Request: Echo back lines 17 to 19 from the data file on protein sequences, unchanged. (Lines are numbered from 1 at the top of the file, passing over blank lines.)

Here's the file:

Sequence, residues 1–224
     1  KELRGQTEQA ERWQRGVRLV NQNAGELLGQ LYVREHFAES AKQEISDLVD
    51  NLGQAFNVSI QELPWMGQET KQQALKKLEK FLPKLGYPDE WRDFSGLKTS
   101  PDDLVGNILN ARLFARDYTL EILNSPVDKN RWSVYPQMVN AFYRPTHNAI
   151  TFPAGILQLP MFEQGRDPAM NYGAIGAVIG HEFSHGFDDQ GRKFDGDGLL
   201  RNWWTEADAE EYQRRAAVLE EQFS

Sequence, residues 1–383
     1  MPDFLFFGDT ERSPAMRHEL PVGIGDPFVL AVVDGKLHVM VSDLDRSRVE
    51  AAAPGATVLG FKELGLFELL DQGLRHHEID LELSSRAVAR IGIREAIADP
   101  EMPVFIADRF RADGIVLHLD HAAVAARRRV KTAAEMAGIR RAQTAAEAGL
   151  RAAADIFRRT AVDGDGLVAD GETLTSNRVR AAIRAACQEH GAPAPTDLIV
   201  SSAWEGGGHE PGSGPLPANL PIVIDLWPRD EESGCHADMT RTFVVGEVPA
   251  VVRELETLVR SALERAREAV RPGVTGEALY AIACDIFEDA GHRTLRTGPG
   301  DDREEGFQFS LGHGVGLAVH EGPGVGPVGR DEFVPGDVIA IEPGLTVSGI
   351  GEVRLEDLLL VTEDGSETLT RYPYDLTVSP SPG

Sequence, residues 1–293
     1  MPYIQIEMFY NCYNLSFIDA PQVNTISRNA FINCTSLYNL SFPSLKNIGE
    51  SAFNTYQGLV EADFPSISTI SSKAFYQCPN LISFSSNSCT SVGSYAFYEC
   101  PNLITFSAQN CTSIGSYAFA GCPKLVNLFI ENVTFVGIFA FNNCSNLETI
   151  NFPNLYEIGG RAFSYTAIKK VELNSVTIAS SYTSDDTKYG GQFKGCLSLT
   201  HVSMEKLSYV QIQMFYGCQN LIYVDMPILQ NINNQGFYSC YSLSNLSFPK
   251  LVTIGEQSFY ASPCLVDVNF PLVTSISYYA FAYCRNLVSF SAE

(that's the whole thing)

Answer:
     1  MPYIQIEMFY NCYNLSFIDA PQVNTISRNA FINCTSLYNL SFPSLKNIGE
    51  SAFNTYQGLV EADFPSISTI SSKAFYQCPN LISFSSNSCT SVGSYAFYEC
   101  PNLITFSAQN CTSIGSYAFA GCPKLVNLFI ENVTFVGIFA FNNCSNLETI